The nation’s fastest-growing urban area has a water supply problem.
St. George, UT, is “blossoming,” according to Wired. The “ceaseless sunshine” has made it a popular destination for retirees and students alike. With a current population of 165,000, it grew four percent larger between 2016 and 2017. And officials say six million people visit the area each year. It is expected that 500,000 will live there by 2065.
Yet as a desert area, water supply challenges run deep.
“The challenge here is unique. Remarkably cheap rates mean that residents of an area with only eight inches of annual rainfall are using tremendous amounts of water. An average St. George resident uses more than twice as much water as the average citizen of Los Angeles,” Wired reported.
In fact, water conservation is not one of Utah’s major strengths.
“Utah is one of the driest states in the country, but you couldn’t tell by how much water its residents are using. The average American uses between 80 and 100 gallons a day. In Utah, each individual consumes approximately 248 gallons of water a day,” Mother Jones reported.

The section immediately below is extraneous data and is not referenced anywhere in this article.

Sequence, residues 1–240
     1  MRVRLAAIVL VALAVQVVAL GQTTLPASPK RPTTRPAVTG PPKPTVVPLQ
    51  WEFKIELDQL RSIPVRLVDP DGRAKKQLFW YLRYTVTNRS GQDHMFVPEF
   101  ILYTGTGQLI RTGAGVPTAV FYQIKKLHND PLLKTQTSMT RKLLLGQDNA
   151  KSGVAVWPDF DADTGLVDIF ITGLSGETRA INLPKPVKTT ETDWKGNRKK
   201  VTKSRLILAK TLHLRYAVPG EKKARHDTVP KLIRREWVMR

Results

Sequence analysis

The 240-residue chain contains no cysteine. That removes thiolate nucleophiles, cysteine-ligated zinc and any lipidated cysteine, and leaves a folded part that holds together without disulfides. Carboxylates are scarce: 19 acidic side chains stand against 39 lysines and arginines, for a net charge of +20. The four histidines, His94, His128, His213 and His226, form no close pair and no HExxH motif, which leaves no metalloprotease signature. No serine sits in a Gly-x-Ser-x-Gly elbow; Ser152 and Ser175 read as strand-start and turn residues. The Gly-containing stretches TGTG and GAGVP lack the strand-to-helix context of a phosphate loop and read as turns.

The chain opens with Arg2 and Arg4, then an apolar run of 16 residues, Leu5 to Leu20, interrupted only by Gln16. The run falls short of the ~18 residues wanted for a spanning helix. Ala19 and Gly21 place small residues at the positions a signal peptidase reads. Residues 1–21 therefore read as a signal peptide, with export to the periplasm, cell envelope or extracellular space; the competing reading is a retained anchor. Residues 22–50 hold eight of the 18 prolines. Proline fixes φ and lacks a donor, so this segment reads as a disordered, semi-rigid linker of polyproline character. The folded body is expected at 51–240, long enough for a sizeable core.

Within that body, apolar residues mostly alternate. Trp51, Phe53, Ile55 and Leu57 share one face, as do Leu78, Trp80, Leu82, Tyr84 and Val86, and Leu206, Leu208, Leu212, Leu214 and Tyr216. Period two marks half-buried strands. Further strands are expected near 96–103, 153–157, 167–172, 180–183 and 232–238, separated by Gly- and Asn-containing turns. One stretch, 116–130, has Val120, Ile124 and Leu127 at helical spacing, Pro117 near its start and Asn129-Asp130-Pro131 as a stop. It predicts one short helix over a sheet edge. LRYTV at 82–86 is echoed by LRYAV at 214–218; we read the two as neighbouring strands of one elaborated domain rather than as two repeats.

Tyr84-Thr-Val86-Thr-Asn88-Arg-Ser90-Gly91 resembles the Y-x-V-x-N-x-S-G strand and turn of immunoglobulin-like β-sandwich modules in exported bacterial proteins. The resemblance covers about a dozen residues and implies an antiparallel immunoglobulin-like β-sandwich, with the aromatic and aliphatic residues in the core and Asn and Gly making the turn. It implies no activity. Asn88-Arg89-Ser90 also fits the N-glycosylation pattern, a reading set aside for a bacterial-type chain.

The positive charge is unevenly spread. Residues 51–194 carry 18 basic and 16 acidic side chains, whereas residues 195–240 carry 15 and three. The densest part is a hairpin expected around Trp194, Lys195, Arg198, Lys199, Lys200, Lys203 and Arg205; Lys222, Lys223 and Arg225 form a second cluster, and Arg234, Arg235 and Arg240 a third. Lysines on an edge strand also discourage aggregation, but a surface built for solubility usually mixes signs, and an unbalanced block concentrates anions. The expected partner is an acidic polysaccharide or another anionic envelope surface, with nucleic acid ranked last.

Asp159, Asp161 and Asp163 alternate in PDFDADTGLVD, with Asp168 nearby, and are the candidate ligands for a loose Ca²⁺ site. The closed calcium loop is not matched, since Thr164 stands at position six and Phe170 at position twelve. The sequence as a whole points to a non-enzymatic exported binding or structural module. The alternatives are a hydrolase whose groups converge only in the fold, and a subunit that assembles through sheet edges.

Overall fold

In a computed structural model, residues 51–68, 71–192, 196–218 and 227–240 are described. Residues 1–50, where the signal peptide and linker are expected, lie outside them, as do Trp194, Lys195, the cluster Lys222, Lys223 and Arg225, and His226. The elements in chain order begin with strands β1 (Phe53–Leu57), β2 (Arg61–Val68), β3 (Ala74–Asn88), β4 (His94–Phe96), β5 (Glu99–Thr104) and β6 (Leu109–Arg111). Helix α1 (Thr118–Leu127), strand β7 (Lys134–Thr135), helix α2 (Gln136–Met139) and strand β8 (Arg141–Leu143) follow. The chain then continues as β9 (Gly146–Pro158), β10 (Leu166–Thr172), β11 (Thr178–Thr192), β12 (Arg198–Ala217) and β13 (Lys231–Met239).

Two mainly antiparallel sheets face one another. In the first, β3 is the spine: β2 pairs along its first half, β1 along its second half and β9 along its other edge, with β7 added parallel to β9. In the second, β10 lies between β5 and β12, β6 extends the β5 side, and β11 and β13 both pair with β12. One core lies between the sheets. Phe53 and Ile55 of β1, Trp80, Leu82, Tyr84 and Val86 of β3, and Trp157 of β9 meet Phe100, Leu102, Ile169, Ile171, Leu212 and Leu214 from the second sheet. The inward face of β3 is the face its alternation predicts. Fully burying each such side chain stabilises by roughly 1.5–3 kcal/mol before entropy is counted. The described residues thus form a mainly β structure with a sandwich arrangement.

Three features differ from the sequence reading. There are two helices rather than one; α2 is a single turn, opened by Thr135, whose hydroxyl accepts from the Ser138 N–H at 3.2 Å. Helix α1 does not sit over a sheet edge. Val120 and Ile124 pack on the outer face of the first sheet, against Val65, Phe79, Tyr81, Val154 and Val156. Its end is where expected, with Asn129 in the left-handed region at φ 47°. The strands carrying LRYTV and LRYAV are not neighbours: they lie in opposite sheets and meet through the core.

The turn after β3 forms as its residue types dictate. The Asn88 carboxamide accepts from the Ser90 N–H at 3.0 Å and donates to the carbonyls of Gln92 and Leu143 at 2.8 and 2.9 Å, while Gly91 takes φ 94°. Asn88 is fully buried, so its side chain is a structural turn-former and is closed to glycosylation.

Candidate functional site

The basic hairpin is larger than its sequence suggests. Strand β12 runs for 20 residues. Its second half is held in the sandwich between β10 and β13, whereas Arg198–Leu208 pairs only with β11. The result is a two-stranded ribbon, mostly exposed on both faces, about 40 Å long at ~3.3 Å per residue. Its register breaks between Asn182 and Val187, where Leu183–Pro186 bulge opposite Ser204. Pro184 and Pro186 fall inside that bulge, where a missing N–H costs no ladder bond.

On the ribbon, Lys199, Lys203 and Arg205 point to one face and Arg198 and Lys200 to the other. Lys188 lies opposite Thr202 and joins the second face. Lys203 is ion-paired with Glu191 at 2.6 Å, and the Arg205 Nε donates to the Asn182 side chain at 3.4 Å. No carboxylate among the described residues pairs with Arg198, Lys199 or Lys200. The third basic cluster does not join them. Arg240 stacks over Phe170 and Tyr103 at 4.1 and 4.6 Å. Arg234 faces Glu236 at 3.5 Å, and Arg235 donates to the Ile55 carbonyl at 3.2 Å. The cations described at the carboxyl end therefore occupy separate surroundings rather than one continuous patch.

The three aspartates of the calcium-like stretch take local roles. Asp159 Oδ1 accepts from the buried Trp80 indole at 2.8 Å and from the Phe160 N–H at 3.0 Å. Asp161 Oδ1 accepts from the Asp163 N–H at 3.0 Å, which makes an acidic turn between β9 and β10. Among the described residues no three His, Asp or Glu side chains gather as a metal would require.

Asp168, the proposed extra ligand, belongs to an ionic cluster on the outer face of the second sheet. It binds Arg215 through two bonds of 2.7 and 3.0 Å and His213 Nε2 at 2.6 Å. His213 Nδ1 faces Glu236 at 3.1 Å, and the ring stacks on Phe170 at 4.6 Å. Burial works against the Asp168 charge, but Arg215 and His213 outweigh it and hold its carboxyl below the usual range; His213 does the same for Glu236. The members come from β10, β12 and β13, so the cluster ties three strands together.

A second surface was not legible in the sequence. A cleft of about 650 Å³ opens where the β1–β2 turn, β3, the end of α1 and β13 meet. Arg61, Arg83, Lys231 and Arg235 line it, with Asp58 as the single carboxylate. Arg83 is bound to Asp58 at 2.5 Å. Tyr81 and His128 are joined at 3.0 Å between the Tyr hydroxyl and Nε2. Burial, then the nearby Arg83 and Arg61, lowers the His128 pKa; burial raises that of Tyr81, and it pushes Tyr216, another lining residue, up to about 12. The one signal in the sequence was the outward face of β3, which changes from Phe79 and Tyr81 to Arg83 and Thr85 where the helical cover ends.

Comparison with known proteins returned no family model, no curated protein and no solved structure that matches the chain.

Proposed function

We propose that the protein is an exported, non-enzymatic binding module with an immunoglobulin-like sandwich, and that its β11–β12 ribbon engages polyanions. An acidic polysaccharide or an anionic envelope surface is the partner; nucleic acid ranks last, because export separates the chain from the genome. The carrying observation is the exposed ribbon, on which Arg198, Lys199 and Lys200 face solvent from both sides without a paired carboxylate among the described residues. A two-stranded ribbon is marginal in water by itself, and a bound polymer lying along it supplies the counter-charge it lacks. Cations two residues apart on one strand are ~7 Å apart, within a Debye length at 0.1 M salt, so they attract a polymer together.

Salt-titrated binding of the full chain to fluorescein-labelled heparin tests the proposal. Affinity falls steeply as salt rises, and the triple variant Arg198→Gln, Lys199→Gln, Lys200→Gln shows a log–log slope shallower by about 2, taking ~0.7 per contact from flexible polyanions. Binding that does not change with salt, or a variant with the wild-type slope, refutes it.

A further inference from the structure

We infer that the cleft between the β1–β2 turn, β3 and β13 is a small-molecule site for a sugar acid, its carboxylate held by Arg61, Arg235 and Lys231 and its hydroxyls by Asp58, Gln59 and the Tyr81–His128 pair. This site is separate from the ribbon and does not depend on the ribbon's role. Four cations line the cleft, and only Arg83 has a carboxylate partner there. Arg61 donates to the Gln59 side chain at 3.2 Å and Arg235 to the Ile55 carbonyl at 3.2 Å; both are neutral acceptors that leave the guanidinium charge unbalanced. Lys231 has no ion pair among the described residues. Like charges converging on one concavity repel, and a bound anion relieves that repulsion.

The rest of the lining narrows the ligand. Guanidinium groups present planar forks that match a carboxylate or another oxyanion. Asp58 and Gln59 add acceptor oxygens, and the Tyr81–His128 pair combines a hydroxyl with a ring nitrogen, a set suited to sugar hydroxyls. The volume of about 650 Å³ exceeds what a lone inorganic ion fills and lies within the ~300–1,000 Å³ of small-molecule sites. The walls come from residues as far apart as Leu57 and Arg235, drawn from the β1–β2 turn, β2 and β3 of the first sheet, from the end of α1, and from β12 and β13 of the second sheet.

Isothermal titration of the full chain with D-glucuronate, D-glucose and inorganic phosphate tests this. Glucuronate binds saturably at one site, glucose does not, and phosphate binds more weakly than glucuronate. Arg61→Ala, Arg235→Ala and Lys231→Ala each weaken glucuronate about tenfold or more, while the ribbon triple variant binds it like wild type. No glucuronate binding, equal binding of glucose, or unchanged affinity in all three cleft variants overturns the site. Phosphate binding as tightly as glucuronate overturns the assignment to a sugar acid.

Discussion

In St. George, locals are already on the hunt for more water.
“Political leaders at the state and local level view this primarily as a supply issue. Their preferred solution is a gargantuan $1.4 billion pipeline that would connect the region with Lake Powell, a reservoir along the Colorado River. With the aid of pumping stations, the pipeline would shuttle water over 140 miles and 2,000 feet of elevation gain,” Wired reported.
“The goal is to store 86,000 acre-feet a year in nearby reservoirs and aquifers — more than enough, officials say, to meet the demand of the growing population and decrease reliance on the dwindling Virgin River, currently Washington County’s primary water source,” it continued.
Environmentalists have argued that conservation and sustainable practices are all that is needed to meet the area’s water supply needs, The Deseret News reported.
Ronald Thompson, general manager of the Washington County Water Conservancy District, provided a counterargument.
“We certainly are committed to conservation, but we don’t think that gets you there alone, especially with the organic growth and the tremendous in-migration that’s occurring in the Southwest,” he said, per Wired.
The pipeline project was approved in 2006 by the state legislature, but it is currently on hold due to questions over which federal agency has jurisdiction over the project, Wired reported.